The federal statute, 28 USC 2253, that requires state prisoners to obtain a certificate of appealability before challenging a district court ruling in habeas corpus proceedings does not apply to appeals of orders denying requests for federally appointed counsel. The statute governs only final orders that dispose of a habeas corpus proceeding's merits. Federally appointed counsel are authorized to represent clients in state clemency proceedings and are entitled to compensation for that representation. Harbison v Bell, SCOTUS No 07-8521.
Linda Greenhouse from the New York Times summarized the doctrine as follows:
Several federal circuits have adopted what has come to be called a consent-once-removed exception to the Fourth Amendment’s warrant requirement. The theory is that a suspect who consents to the entry of someone who is really an agent of the police is also, albeit unknowingly, agreeing to let the police enter as well. The police do not need a warrant to enter and search a home if they have the permission of a person authorized to give it.
To read Linda Greenhouse’s complete analysis of the issue, click here. For the SCOTUS blog summary of the case and complete access to the briefs, click here. This case is a civil case and there is also a qualified immunity issue.
On September 8, 2008, a Seventh Circuit panel ruled to the contrary in a published decision. In Osagadie v United States, Seventh Circuit No. 07-113, the Court recognized the continuing viability of the Article 36 issue. The Court first recognized the importance of Article 36:
The adoption of the Vienna Convention by the international community was “the single most important event in the entire history of the consular institution.” LUKE T. LEE, CONSULAR LAW AND PRACTICE 26 (2d ed. 1991). When the United States ratified the treaty in 1969, it became the “supreme Law of the Land.” U.S. CONST. art. VI, cl. 2.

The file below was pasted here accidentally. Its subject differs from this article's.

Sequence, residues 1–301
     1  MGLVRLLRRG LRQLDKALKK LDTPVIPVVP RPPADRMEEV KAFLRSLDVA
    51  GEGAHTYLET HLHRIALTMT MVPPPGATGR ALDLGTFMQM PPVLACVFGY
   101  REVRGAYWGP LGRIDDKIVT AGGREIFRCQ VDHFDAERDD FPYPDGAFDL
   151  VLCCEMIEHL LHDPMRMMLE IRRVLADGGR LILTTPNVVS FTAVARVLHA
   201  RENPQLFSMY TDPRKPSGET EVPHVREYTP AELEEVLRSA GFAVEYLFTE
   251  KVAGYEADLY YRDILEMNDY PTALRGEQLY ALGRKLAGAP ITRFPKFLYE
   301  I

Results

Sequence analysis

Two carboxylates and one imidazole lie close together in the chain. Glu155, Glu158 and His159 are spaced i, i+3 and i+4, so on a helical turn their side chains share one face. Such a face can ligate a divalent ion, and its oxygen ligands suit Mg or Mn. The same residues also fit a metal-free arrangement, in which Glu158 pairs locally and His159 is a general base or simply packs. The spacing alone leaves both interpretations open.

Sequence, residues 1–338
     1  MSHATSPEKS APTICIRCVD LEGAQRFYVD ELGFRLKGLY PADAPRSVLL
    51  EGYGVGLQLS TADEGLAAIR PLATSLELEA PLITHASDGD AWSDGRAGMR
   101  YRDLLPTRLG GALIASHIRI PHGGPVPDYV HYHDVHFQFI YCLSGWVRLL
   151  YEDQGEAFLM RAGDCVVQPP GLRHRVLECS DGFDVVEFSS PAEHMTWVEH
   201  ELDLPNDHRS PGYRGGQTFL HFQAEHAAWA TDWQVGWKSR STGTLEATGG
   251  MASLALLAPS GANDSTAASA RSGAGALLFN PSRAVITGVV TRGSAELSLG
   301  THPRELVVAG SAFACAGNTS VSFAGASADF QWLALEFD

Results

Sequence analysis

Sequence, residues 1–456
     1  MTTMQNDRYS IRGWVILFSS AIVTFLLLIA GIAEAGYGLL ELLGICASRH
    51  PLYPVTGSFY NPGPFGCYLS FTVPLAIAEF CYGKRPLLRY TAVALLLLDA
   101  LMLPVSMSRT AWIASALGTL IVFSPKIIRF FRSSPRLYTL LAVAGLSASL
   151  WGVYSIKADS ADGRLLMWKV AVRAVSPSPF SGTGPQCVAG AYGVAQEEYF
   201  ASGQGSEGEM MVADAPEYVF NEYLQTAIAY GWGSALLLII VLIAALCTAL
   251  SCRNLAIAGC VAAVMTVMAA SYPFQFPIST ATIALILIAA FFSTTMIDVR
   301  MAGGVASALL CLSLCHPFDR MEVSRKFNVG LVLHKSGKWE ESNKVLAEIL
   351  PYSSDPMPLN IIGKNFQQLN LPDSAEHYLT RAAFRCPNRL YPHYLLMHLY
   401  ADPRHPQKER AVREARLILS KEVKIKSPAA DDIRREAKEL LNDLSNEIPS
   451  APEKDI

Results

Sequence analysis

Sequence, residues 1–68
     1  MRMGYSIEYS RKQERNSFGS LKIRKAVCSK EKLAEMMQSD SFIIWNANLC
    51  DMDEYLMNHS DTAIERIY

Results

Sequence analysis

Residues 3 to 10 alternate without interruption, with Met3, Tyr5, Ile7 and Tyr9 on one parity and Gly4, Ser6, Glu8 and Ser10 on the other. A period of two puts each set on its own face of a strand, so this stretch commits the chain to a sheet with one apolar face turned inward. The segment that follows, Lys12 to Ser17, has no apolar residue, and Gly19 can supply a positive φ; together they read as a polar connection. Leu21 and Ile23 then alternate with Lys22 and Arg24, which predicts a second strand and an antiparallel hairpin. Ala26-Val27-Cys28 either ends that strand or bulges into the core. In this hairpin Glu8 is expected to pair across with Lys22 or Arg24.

The Court then went onto stress the importance of the treaty:
Foreign nationals who are detained within the United States find themselves in a very vulnerable position. Separated from their families and far from their homelands, they suddenly find themselves swept into a foreign legal system. Language barriers, cultural barriers, lack of resources, isolation and unfamiliarity with local law create “an aura of chaos” around the foreign detainees, which can lead them to make serious legal missteps. Linda A. Malone, From Breard to Atkins to Malvo: Legal Incompetency and Human Rights Norms on the Fringes of the Death Penalty, 13 WM. & MARY BILL RTS. J. 363, 392-93 (2004). In these situations, the consulate can serve as a “cultural bridge” between the foreign detainee and the legal machinery of the receiving state. William J. Aceves, Murphy v. Netherland, 92 AM. J. INT’L L. 87, 89-90 (1998).
The Court went onto note while there is some overlap with the function of a lawyer, the overlap is not complete. There are somethings that an embassy or a consulate are uniquely qualified to do:
Of course, we assume that lawyers here are equipped to deal with language barriers; we also assume they are familiar with the law. Sometimes, however, the assistance of an attorney cannot entirely replace the unique assistance that can be provided by the consulate. The consulate can provide not only an explanation of the receiving state’s legal system but an explanation of how that system differs from the sending state’s system. See Linda Jane Springrose, Note, Strangers in a Strange Land: The Rights of Non-Citizens Under Article 36 of the Vienna Convention on Consular Relations, 14 GEO. IMMIGR. L. J. 185, 195 (1999). This assistance can be invaluable because cultural misunderstandings can lead a detainee to make serious legal mistakes, particularly where a detainee’s cultural background informs the way he interacts with law enforcement officials and judges.
The Court noted that Sanchez-Llamas was a good example of the help that a consulate can provide:
Sanchez-Llamas 2 provides a striking example. In Sanchez-Llamas, Bustillo’s defense was that another man, “Sirena,” had committed the crime. Sirena, however, had fled back to Honduras; he was nowhere to be found. “Bustillo did not learn of his right to contact the Honduran consulate until after conviction, at which time the consulate located additional evidence supporting this theory, including a critical taped confession by Sirena.”
Thus far, the Court’s opinion matches the position articulated by dissents and the International Court of Justice. Now here is where the decision gets interesting. The Court stated that Sanchez-Llamas stated that the Government was required to provide a remedy for a violation and the remedy was to internalize this violation into our domestic law. While violation of a Vienna Convention Claim would not be a self-standing violation of the Constitution or federal law requiring suppression of a confession, it could be a Fifth Amendment or a Sixth Amendment violation.